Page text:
Value of universities exemplified by new hospitals

The other day, my wife Kathy and I went to have a look through the new, soon-to-open University of Michigan C.S. Mott Children’s and Von Voigtlander Women’s Hospitals. The hospitals, located on the south side of the U of M medical system’s campus, have been under construction for the last four years. (The women’s hospital is actually included within the children’s hospital complex; the idea is to create seamless mother-and-baby care.)

This was, in fact, the largest construction project on Michigan. And the scope of the finished project is breathtaking: 1.1 million square feet overall, housing 348 inpatient pediatric beds, 50 maternity rooms, 16 operating rooms, 48 neonatal intensive care rooms and a rooftop helipad for emergency flights.

The cost? A total of $745 million, funded through hospital system reserves and philanthropy. Cost to the state? Zero.

The hospital will open for business Dec. 5. It’s already attracted considerable attention: Nearly 30,000 people attended the opening ceremony and open house.

Our tour was led by Patricia Warner, the executive director, who started her career with a degree in public health from the U of M and is now running one of the snazziest new hospital complexes anywhere.

Warner is petite, brisk, with slightly graying brown hair and an encyclopedic knowledge of the complex that is her big baby.

The first thing that strikes you is that this place doesn’t feel at all like a hospital. No long, dingy corridors with dim grayish overhead lighting and the pervasive smell of yesterday’s disinfectant.

Welcoming you at the internal entry is a seven-foot statute of a grinning, bright yellow Big Bird. The hallways are literally filled with art -- all from Michigan or Michigan-associated artists -- so that an occasional visitor could be forgiven for mistaking it for an art gallery.

“We’ve included patients, families, hospital staff of all kinds in the design process,” Warner said, “ so that all our work is aimed at making patients and their families comfortable and at home here. Sure, it’s an efficient and advanced place for doctors and other clinicians, but we focused heavily on the human side of things.”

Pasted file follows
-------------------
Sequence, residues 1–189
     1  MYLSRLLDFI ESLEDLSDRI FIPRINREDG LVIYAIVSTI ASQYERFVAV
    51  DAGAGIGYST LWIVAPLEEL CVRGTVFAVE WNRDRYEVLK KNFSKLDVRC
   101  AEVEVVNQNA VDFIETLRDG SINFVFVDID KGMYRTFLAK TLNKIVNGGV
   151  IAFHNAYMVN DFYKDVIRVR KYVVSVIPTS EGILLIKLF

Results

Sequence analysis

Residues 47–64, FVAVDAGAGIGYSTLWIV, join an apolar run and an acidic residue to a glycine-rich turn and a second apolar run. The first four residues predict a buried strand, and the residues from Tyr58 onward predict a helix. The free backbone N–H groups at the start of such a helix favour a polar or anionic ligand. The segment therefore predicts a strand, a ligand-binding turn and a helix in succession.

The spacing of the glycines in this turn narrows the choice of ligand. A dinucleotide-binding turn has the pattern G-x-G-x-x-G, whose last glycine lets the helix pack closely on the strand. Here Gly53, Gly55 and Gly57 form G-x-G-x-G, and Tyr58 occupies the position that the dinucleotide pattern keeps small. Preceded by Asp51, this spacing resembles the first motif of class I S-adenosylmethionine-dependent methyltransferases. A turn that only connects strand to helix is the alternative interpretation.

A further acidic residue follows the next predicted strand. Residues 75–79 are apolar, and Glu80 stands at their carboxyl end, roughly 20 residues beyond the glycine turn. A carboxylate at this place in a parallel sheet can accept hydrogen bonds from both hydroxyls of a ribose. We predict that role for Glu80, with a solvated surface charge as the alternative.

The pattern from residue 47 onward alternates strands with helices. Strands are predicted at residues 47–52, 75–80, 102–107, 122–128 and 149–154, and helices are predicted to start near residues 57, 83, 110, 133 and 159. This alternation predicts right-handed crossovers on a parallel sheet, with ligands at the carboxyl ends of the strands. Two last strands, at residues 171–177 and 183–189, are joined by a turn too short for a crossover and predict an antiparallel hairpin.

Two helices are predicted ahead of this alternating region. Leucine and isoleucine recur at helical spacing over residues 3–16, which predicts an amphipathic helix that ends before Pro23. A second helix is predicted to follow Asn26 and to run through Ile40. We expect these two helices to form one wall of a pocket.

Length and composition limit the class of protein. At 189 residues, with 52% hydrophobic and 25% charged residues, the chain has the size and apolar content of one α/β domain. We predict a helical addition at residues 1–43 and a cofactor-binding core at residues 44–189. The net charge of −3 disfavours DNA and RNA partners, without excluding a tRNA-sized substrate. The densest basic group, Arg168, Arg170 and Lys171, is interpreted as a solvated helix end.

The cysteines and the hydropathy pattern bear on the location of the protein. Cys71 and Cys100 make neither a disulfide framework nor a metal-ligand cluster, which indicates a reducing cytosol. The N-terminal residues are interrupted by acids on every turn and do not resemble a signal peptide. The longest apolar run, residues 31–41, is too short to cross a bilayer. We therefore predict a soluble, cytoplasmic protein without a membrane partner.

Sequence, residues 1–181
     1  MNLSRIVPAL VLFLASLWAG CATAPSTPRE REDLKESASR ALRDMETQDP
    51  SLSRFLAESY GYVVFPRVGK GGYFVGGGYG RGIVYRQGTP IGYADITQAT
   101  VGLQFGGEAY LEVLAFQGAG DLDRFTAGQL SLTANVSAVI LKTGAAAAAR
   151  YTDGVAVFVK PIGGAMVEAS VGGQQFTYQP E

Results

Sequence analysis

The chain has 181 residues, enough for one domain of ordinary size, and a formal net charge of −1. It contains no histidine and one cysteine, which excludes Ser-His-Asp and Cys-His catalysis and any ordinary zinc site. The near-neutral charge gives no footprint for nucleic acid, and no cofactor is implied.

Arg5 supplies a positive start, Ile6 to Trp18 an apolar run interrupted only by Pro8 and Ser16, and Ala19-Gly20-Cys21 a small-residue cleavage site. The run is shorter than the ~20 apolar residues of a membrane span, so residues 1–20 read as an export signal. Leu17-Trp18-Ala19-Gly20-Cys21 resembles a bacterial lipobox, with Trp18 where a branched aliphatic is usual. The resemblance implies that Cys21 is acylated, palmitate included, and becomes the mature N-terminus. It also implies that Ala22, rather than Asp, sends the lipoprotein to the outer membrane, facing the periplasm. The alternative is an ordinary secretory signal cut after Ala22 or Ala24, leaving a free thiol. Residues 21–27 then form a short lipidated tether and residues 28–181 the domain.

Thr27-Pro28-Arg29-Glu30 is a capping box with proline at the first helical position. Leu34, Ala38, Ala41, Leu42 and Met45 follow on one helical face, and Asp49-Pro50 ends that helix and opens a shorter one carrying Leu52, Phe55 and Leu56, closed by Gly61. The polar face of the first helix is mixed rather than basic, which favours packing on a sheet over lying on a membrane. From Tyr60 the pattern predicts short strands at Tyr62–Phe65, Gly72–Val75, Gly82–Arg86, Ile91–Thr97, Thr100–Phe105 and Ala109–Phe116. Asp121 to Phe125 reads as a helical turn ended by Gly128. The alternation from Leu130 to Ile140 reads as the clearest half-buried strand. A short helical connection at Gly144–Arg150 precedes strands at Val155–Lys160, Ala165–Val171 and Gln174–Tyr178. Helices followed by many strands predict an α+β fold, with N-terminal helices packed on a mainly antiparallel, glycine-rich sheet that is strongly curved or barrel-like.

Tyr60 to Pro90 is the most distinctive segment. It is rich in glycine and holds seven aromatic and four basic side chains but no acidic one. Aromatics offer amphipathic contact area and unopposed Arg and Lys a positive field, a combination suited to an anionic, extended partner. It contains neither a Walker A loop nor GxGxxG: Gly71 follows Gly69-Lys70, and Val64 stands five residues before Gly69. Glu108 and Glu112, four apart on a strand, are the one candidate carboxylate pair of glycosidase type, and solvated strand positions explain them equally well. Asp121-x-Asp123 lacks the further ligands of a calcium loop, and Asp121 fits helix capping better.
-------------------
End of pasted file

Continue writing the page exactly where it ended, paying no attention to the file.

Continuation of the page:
Waiting rooms, for example, are located away from the operating rooms to reduce family anxiety. A graceful, serene chapel is located adjacent to staff social workers and a cafeteria. A children’s playroom has a rubber-tiled floor for roughhouse safety; it’s decorated to look like Michigan's iconic football stadium "the Big House."

Windows are set low so little children can easily look outside. A big aquarium is filled with fish -- maize and blue, of course.

Patients enter the hospital through a weather-shielded area staffed with attendants to help families get to the right place. Nearby, a soaring lobby with hundreds of deep blue butterfly sculptures fluttering up the far wall is beautifully lit by hundreds of cylindrical pendants.

Legendary U of M cornerback Charles Woodson, now with the Green Bay Packers, kicked in $2 million for this -- other generous souls gave $70 million more.

Every room in the hospital is a single, most with views of the Arboretum or the Huron River. Neonatal intensive care rooms are filled with seemingly every device medical science has developed.
The facility is designed to “change the face of care for women and children,” Warner said. A brochure sets out the hospitals’ prime objective: “Our rich history, collaborative teams and philosophy of family-centered care combine to ensure that every single patient receives the best, most comprehensive and most compassionate care available anywhere."

These hospitals will serve many thousands of Michigan women, children and families. Countless lives will be saved, sick and damaged children restored to health. Numerous research advances will be made. The facility is a world-class achievement, right here in Michigan. All this is the result of visionary thinking at the University of Michigan.

Yet, these days, lots of lawmakers in Lansing don’t much like our universities. They think they’re too expensive, too grabby for scarce state resources, too arrogant in pursuit of their missions that don’t seem to have much to do with the ordinary and political worlds.

Partly as a result, Michigan spends more on warehousing criminals in state prisons than on public colleges and universities; indeed, we are among the national "leaders" in cutting spending for higher education.

For the life of me, I cannot figure out why our political leaders can’t get it through their heads that our great universities are perhaps the key strategic assets for a future prosperous Michigan. I suggest our skeptical lawmakers take a trip to Ann Arbor and pay a visit to this wonderful new place. They should see for themselves one example of how a great hospital system and a great university can improve people’s lives for decades to come.
Editor’s note: Former newspaper publisher and University of Michigan Regent Phil Power is a longtime observer of Michigan politics and economics. He is also the founder and president of The Center for Michigan, a nonprofit, bipartisan centrist think-and-do tank, designed to cure Michigan’s dysfunctional political culture. He is also on the board of the Center’s Business Leaders for Early Education. The opinions expressed here are Power’s own and do not represent the official views of The Center. He welcomes your comments at


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Sun, 11/27/2011 - 5:25pm
Great column, Phil. The media give lots of attention to the auto companies for making investments that "create or retain" X number of jobs. But health care investments such as the new U-M hospital don't get as much attention as they deserve for creating thousands of the good-paying knowledge jobs that must be at the center of Michigan's economic future.